We also conducted a project with Ocean Outdoor to monitor memory encoding in digital out-of-home ads – yet another medium which we are not always aware is impacting us as we go about our daily lives. This study found that 36% of consumers who had been exposed to a DOOH ad were more likely to respond to a mobile ad that provided an “overlapping” context. This proves that advertisers should be not only take the environment into account but can experiment more with second-screen options and more in-depth contextual strategies.
And not forgetting editorial
Another Newswork study found that ads generally perform better in a “harder” editorial environment. Placing ads in hard news has increasingly become an area of interest and concern for advertisers, however, our platform demonstrated that the same ads stimulate very different responses depending on where they are placed. Premium editorial contexts, for example, (political news etc.) create stronger engagement, higher emotional intensity, and greater long-term memory encoding, which correlates with decision-making and purchasing behavior.
We measured the responses to identical ads in a premium editorial context and a “soft news” context (celebrity gossip etc.). The study showed that left brain memory encoding, which processes words and detail, is 42% stronger when people view ads on premium editorial sites than when they see the same ads within the context of soft news. This proves that hard-hitting, or news perceived as “negative” doesn’t necessarily have a negative impact on how our brains take that information in.
The increasing power of influencer marketing
One marketing channel that has taken off in recent years is the social media influencer. These online tastemakers are often matched with a product or service that reflects their own brand and, particularly for Millennials and Generation Z consumers, they are perceived as being that much more trustworthy than direct brand campaigns and even other more “traditional” celebrities. Indeed, one study found that six in 10 teens follow advice from influencers over celebrities.
This belief is reinforced by a study we conducted with influencer agency Whalar back in May 2019. We analyzed the reaction to various influencer ads from social media users aged between 18 and 65 and found that influencer ads generated 87% higher memory encoding than TV ads and an astonishing 277% greater emotional intensity. Influencer ads were also found to be more effective than both Facebook and YouTube ads. What’s even more interesting is that, when the influencer involved in the ad was a more traditional celebrity, there was a 54% negative response compared with their reactions to general content, though memory encoding was at 74%.
We analyzed the reaction to various influencer ads from social media users aged between 18 and 65 and found that influencer ads generated 87% higher memory encoding than TV ads and an astonishing 277% greater emotional intensity. Influencer ads were also found to be more effective than both Facebook and YouTube ads.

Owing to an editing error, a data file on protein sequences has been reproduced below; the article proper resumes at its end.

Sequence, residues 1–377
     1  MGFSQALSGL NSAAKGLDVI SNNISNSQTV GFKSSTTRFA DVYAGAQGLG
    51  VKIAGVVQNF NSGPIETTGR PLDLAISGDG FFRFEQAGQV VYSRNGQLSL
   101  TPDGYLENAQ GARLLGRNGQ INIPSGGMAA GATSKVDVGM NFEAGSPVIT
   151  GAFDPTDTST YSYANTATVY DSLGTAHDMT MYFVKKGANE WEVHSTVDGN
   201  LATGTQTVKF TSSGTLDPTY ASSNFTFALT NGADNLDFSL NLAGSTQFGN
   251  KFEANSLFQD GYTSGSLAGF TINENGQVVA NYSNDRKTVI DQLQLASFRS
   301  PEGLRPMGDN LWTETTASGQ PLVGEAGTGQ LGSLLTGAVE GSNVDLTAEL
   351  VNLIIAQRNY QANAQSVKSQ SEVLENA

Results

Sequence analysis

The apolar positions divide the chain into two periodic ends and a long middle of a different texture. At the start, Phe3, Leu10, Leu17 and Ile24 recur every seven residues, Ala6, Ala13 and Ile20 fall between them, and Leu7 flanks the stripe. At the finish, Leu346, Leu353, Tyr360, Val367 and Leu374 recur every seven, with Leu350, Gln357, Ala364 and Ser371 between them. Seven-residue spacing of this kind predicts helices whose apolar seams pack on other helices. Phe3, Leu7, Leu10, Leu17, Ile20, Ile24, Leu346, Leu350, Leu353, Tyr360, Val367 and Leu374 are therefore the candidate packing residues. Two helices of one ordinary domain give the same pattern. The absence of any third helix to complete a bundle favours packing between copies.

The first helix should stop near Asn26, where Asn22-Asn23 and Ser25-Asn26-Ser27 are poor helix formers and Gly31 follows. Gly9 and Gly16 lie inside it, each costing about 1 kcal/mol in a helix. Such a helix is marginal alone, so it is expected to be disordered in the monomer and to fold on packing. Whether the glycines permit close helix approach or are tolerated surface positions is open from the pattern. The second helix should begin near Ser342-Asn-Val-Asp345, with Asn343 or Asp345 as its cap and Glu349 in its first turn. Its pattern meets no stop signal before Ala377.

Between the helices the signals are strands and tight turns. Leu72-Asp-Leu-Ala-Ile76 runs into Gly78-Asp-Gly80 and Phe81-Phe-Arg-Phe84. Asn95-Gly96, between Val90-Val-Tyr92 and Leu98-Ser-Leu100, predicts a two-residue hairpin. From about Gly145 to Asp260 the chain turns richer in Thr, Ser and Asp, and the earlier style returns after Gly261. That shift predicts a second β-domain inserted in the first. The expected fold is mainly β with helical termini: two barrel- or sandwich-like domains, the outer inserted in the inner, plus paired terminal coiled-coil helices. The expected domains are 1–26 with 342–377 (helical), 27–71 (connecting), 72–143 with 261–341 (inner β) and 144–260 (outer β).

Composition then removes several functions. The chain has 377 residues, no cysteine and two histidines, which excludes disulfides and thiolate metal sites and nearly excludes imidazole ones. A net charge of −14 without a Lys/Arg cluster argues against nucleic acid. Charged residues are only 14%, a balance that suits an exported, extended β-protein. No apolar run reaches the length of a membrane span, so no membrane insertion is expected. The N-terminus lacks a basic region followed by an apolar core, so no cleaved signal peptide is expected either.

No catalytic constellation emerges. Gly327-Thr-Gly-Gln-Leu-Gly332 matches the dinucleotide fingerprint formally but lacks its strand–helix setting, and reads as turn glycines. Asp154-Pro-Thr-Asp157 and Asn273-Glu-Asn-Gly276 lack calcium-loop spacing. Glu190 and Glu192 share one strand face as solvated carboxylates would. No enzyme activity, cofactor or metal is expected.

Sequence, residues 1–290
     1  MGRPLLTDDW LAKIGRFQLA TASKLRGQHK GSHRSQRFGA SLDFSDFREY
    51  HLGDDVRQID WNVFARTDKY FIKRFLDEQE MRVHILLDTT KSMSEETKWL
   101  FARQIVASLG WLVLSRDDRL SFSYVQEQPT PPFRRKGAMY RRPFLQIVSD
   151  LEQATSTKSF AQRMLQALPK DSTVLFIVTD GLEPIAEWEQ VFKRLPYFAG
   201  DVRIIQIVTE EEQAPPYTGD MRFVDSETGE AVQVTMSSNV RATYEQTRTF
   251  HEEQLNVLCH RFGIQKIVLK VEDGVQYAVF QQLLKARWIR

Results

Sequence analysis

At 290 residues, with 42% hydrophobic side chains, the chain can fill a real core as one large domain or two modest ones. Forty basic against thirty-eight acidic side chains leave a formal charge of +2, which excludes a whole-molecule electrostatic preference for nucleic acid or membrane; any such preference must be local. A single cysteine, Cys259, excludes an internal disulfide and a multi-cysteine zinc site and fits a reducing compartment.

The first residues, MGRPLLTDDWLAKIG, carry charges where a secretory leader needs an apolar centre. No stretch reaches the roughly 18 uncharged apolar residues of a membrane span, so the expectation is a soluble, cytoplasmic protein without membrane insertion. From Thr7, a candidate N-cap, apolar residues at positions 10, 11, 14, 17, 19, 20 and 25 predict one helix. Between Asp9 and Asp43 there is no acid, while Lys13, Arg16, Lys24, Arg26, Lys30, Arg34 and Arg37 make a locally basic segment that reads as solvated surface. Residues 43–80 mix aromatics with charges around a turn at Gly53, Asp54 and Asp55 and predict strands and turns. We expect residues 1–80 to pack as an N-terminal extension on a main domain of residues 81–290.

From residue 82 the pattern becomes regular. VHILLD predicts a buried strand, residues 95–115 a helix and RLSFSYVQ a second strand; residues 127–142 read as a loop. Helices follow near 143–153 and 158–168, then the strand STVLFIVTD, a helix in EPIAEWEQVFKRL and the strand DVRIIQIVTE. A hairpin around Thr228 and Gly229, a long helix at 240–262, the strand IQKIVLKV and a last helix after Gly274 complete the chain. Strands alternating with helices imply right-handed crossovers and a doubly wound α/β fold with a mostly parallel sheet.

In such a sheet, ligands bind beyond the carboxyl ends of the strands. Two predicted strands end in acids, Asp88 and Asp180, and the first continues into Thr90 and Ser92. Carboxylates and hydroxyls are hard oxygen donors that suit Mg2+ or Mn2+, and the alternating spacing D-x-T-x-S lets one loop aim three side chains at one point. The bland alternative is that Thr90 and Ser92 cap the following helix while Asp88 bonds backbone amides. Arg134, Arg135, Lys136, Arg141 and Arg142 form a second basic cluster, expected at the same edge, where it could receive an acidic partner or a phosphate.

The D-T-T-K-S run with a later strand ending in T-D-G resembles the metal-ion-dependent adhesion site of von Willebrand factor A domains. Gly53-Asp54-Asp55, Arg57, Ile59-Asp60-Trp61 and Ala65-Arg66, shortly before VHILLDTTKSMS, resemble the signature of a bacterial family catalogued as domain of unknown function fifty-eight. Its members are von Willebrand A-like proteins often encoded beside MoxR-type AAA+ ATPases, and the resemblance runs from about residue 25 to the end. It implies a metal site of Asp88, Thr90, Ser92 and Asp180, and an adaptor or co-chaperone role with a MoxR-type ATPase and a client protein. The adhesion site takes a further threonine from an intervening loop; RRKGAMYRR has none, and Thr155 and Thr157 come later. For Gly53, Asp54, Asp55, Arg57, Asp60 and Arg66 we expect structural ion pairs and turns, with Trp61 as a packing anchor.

Of course, if you subscribe to the notion that “no press is bad press” then the negative reactions shouldn’t be such a major concern. However, the fact that the less famous “micro-influencers” generated the most positive emotional response (62%) might suggest marketers should be reaching a little further down the ladder if they want to build legitimate, positive relationships with their consumers.
Looking past the noise
Neuroscience has opened up a new world of opportunity when it comes to analyzing marketing effectiveness, particularly when it comes to the context in which content is consumed. Context was once seen as the great white whale of advertising, but now that the right tools are within the reach of forward-thinking marketers and brands, it’s no longer a hurdle to overcome; it’s a tool to be exploited.
The results of our findings have proven that in a culture of “everything all the time” it’s possible to look past the blather and peer right into the hearts (and minds) of consumers. Only by analyzing what they are thinking and feeling, and considering context (whatever the medium), will we be able to move forward as an industry. Then we might just be able to start creating the kind of campaigns that don’t just create customers, but lifelong fans.
References available on request via firstname.lastname@example.org
About the author:
Shazia Ginai is CEO of neuro-marketing agency Neuro-Insight UK. She is responsible for managing the growth of the business and overseeing projects across a range of media and industries. Over the course of
her career, Shazia has held senior roles at ghd, working as their Global Head of Insights, and at P&G within its consumer research division. She’s a creative and curious marketing professional with a passion for people.
This was originally published in Insights Magazine, NMSBA members have access to the full archive of this quarterly magazine on neuromarketing. Interested in joining? Check the options